As millions of California students prepare to take the new Smarter Balanced assessments this spring, most will not have had the benefit of taking a series of “interim assessments” that were supposed to help them and their teachers prepare for the new tests aligned with the Common Core State Standards.
The interim assessments were supposed to give students a way to rehearse for the Smarter Balanced assessments and allow teachers to see how well students had mastered the math and English Language Arts curriculum tied to the Common Core.
That’s not how it has worked out, however. The interim assessments were supposed to be in the hands of educators last fall. But the Smarter Balanced Assessment Consortium didn’t complete them until the end of January, too late for most teachers or districts to use them extensively, according to interviews conducted by EdSource.
Luci Willits, deputy executive director of the Smarter Balanced consortium, told EdSource earlier this year that the release was delayed because teachers had not finished vetting test questions until late October. It was further delayed by test designers who had to field questions from states about scoring the essay portions of the assessments.
“Ideally, it would have been best to have the interim items available in the fall, but circumstances prohibited the rollout earlier,” Willits said.
As a result, superintendents of six school districts EdSource is tracking as they implement the Common Core said that, for the most part, the interim assessments have been of limited use. Districts that were counting on giving their students the optional midterm assessments either abandoned those plans or scaled them back significantly.
“I’m dying to know how our kids are going to do,” said Elise Darwish, chief academic officer for Aspire Public Schools. “But it is too much to ask for kids to spend seven hours in March on a practice test when they’re going to take the actual test in two months anyway.”
Others, such as Santa Ana Unified, were not planning on using them.
“The information has been very long in coming,” said Garden Grove Unified Superintendent Gabriela Mafi, who said that as recently as the beginning of March her district had not been provided with log-in information that would enable students to take the interim assessments.
Fresno Unified School District Superintendent Michael Hanson offered teachers in his district the option of giving interim assessments, but he expected few teachers would want to use them now.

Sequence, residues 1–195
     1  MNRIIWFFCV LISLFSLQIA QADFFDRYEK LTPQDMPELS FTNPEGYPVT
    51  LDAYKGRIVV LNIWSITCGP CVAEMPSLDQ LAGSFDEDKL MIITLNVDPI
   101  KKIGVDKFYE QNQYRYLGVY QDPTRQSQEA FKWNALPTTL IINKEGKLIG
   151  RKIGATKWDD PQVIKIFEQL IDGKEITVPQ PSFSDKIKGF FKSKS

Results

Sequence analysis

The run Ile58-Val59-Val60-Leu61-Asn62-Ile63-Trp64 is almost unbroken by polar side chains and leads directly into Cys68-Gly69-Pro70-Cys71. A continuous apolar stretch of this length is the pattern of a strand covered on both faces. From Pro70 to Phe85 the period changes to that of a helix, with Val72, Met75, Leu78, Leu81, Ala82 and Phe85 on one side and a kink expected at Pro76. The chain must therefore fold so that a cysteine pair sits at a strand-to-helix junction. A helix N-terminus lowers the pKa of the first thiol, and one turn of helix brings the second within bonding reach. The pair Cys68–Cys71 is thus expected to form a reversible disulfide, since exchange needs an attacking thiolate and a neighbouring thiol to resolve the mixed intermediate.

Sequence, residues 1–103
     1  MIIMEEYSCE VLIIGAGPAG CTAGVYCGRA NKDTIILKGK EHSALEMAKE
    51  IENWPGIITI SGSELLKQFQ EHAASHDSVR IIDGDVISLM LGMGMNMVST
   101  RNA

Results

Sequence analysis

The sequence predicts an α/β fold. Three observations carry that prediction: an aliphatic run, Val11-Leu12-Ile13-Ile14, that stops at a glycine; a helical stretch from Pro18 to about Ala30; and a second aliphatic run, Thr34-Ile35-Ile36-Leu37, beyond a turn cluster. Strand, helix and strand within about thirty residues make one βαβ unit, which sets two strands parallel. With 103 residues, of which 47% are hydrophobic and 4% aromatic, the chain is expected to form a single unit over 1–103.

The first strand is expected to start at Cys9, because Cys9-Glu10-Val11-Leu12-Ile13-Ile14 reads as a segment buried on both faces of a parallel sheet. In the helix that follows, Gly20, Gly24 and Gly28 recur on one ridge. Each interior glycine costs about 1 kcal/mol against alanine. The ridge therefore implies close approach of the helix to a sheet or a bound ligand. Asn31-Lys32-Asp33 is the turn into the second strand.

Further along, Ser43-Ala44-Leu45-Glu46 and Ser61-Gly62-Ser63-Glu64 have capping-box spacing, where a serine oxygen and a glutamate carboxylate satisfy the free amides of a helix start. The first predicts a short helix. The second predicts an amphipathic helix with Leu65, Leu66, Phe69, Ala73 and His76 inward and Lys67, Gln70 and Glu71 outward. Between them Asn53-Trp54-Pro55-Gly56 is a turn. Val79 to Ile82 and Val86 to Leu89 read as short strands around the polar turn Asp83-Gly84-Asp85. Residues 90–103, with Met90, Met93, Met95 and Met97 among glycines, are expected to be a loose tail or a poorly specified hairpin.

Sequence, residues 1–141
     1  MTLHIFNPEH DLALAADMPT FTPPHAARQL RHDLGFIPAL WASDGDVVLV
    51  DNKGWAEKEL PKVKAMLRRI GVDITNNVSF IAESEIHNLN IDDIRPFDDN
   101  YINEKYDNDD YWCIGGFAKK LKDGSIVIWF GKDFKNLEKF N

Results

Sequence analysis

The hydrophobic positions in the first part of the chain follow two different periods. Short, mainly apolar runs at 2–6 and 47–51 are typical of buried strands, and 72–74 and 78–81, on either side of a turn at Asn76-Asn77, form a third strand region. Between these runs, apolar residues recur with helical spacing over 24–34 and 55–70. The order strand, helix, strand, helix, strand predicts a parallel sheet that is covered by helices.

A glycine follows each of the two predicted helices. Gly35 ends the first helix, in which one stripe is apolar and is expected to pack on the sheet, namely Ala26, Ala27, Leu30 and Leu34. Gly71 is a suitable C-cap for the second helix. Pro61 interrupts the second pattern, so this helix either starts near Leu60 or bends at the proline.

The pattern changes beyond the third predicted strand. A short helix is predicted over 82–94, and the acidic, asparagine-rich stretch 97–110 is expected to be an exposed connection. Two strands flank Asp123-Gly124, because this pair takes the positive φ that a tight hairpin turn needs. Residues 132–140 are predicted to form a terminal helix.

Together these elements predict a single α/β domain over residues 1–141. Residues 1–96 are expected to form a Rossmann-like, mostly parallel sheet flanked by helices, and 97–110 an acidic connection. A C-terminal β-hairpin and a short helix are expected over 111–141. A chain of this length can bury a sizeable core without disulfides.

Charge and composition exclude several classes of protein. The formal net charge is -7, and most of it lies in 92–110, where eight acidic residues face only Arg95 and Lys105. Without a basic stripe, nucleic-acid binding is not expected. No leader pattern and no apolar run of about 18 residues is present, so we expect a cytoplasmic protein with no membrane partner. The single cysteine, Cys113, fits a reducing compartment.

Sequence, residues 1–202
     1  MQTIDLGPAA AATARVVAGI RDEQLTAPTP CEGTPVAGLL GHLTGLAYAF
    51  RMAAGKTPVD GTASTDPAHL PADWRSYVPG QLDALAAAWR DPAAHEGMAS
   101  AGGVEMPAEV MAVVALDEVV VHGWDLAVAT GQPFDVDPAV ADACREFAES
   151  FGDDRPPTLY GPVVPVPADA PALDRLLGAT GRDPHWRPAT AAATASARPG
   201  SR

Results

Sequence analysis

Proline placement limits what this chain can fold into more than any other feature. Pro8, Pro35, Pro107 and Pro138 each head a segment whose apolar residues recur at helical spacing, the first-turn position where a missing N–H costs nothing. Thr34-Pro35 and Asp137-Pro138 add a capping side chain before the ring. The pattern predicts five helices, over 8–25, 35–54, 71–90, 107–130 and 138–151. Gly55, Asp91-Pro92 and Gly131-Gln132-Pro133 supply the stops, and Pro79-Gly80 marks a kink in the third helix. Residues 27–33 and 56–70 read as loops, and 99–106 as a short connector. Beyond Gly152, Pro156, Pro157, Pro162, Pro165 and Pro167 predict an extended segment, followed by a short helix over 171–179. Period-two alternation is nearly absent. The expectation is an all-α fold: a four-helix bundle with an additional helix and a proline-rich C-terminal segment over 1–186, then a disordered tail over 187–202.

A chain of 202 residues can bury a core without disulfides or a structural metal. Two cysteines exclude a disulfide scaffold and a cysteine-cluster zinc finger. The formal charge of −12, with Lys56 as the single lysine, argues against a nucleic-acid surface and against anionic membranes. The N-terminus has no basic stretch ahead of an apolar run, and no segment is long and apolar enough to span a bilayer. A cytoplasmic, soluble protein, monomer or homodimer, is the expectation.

“They look at this and they go, ‘I already have a testing cycle coming up. I don’t want to spend any more time on this when there’s really not anything I can do with the results between now and the time I’m going to give the exam [the Smarter Balanced assessments] anyway,’” he said.
“The best we can do now is offer it as an option,” he said. “People would be in absolute mutiny if you tried to force them [the assessments] on them right before we do the actual testing.”
Visalia Unified Superintendent Craig Wheaton said he wished that the interim assessments had been available six months earlier. He said his district has pulled together a group of teachers to use them in a systematic fashion, and that some began using them as soon as they became available.
“We were really trying to have an organized pilot and were exploring how to share them,” he said. But their late delivery thwarted plans to use the assessments extensively in the district, he said.
The Smarter Balanced consortium promoted the interim assessments on its website as “one of the three major components of the Smarter Balanced Assessment System.”
Interim assessments explained
The other two components were a digital library of so-called “formative assessments” – tools and practices that teachers could use to see how students are doing to help “form” the instruction they receive – and the end-of-year “summative assessments” students will take this spring measuring the “sum” of what students learned during the year.